In pitch-dark we woke on the slopes of Mount Säntis, a blizzard raging outside our hotel.
As my mind reconstructed reality, I hazily remembered that my wife and I had driven the day before to Urnäsch, a quaint village in the mountainous Appenzell region of Switzerland. We had come to experience the annual visitation of the Silvesterchlausen, an event central to their new year tradition.
This highly colorful festival, whose ceremonial purpose is chasing away the bad spirits of the last year while inviting in the good spirits for the new year, attracts visitors from around the world.
We had come not only to see the festival with our own eyes but hopefully to capture images and sounds for our documentary series, In Search of the Great Song. The films explore an underlying, all-pervading creative pulse existing distinctly within all cultures of the world. Here, each year in Urnäsch, one of the more fascinating expressions of this phenomenon is brought to life.
Throughout the year, dedicated villagers spend hundreds of hours keeping this legacy alive, a tradition whose origins precede the 15th century. Crafting highly detailed and elaborate costumes, villagers formed teams of six, and twice a year- on New Year’s day in both the Gregorian and Julian calendars - they don their masks and freely roam the valleys, visiting spread-out homesteads and farms, singing a finely harmonized kind of yodel called Zauerli followed by shaking the bells attached to their costume.
In the pre-dawn hour, as we timidly drove the icy mountain road down from our hotel, we realized we had no clear plan of where to find the legendary Silvesterchlausen. A sense of mystery and wonder swept over us, not unlike the early morning mist shimmering on the snow.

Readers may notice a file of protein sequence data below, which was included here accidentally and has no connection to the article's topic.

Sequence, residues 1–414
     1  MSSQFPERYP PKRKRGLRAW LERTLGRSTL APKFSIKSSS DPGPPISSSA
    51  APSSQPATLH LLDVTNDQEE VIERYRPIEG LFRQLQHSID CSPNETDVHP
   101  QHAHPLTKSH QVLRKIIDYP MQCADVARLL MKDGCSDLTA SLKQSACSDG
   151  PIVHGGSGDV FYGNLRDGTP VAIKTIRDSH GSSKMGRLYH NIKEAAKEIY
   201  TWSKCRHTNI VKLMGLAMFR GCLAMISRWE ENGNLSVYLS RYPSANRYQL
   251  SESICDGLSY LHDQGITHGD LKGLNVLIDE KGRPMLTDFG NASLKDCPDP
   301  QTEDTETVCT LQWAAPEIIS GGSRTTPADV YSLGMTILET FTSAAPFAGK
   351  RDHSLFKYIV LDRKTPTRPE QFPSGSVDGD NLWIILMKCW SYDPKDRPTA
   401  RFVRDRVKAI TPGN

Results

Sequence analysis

As we stopped our car and got out, we glimpsed shadowy figures in the distance walking single-file across the snow-covered meadow. All was silent except for the jingling of bells in the fog. As if creatures from another world were visiting with a mission of cleansing the region from darkness and making it new, the Silvesterklausen approached a nearby farmhouse. Intermittently singing their haunting, tender song and shaking their bells, the sturdy, costumed men stood in a circle. At the end of the ritual, the farmer and his family thanked them for their blessing.
The Silvesterklausen continued their journey and we followed, caught in the spell of their ritual. We began tracking the bells and the movement of dancing and spinning figures, enthralled by the sounds, costumes, reverence and joy.
Each group had their own distinctive songs, trademark Zauerli unique to their ‘guild’, going back hundreds of years. And the costumes - so fantastic! Three different types of Silvesterchlausen can be distinguished:
- The Beautiful wore very ornately embroidered headgear with scenes of peasant life, domestic customs and crafts, special buildings, sports, or family life, which take hundreds of hours of intensive work. Their dress resembles a local traditional costume.
- The Pretty-Ugly wears a costume made of fir twigs, ivy, moss, and other natural materials, and a headgear similar in shape to those of the Beautiful, but also decorated with natural materials.
- The Ugly wear a costume made from the same materials as the Pretty-Ugly, but coarser and more massive in appearance. On their head, they wear a hat or a helmet, artfully crafted but having a wild appearance.
At one house, an ‘Ugly’ gathering had just finished their song when we arrived. The resident couple brought out refreshments, which they fed to the celebrants through long straws entering through a hole in the masks. Spectators stood silently around, witnessing a centuries-old custom of a town tenderly and practically caring for each other.
By the end of the morning, the ceremony was complete. The Silvesterchlausen now mingled with the visitors, choosing their lunch places, removing their masks to do so. The singing continued throughout the meals.
My wife and I basked in a feeling of joyful exhaustion, grateful that we had participated, in our way, in such a profoundly human event, set far apart from the modern world. We were also glad to bring footage from the experience to enrich our film, providing viewers with at least a touch of the mystery and wonder which the Silvesterchlausen keep alive and deliver, year after year, to all who come to experience it.